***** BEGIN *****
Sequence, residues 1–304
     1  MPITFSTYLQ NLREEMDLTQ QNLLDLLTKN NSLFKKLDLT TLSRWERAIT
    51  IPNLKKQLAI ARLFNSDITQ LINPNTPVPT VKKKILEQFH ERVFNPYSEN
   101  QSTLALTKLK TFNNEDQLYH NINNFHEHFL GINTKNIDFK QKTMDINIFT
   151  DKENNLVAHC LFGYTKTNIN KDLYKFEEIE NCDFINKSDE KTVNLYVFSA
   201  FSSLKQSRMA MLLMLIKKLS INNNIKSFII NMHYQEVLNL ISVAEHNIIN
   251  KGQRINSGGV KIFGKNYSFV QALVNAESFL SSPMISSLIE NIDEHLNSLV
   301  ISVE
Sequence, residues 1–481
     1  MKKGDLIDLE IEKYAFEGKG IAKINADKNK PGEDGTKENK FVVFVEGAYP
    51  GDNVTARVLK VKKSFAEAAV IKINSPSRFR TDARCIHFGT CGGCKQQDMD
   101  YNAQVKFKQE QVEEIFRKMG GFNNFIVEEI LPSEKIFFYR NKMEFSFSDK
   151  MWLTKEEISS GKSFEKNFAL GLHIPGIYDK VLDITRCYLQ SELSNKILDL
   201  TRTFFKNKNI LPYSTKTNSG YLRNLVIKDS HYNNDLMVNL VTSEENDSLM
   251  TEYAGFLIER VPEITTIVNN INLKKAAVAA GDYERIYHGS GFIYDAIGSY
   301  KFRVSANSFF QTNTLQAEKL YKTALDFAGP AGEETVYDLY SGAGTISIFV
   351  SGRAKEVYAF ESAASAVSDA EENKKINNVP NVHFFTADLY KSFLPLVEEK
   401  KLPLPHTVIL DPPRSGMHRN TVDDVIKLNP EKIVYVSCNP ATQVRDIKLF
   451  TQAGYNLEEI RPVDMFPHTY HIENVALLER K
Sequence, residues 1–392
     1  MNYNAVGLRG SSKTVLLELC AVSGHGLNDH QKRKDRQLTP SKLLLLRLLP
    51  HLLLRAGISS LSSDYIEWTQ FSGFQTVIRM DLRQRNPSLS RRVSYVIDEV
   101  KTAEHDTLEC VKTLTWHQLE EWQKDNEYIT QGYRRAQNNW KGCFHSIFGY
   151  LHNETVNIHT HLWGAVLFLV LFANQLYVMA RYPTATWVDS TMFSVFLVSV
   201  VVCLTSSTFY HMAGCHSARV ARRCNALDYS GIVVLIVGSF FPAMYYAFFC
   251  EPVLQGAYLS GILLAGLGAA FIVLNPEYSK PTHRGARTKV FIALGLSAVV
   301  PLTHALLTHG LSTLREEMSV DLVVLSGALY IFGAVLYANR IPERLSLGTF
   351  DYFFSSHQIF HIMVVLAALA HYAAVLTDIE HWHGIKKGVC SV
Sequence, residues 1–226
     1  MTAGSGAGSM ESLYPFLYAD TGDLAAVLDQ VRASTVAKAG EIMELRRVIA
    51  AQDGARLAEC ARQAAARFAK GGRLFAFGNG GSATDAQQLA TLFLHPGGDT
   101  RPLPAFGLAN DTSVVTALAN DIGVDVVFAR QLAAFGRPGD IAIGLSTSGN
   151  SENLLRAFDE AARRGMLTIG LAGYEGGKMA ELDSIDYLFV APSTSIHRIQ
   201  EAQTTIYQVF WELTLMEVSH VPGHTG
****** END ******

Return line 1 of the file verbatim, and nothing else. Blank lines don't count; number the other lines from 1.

Sequence, residues 1–304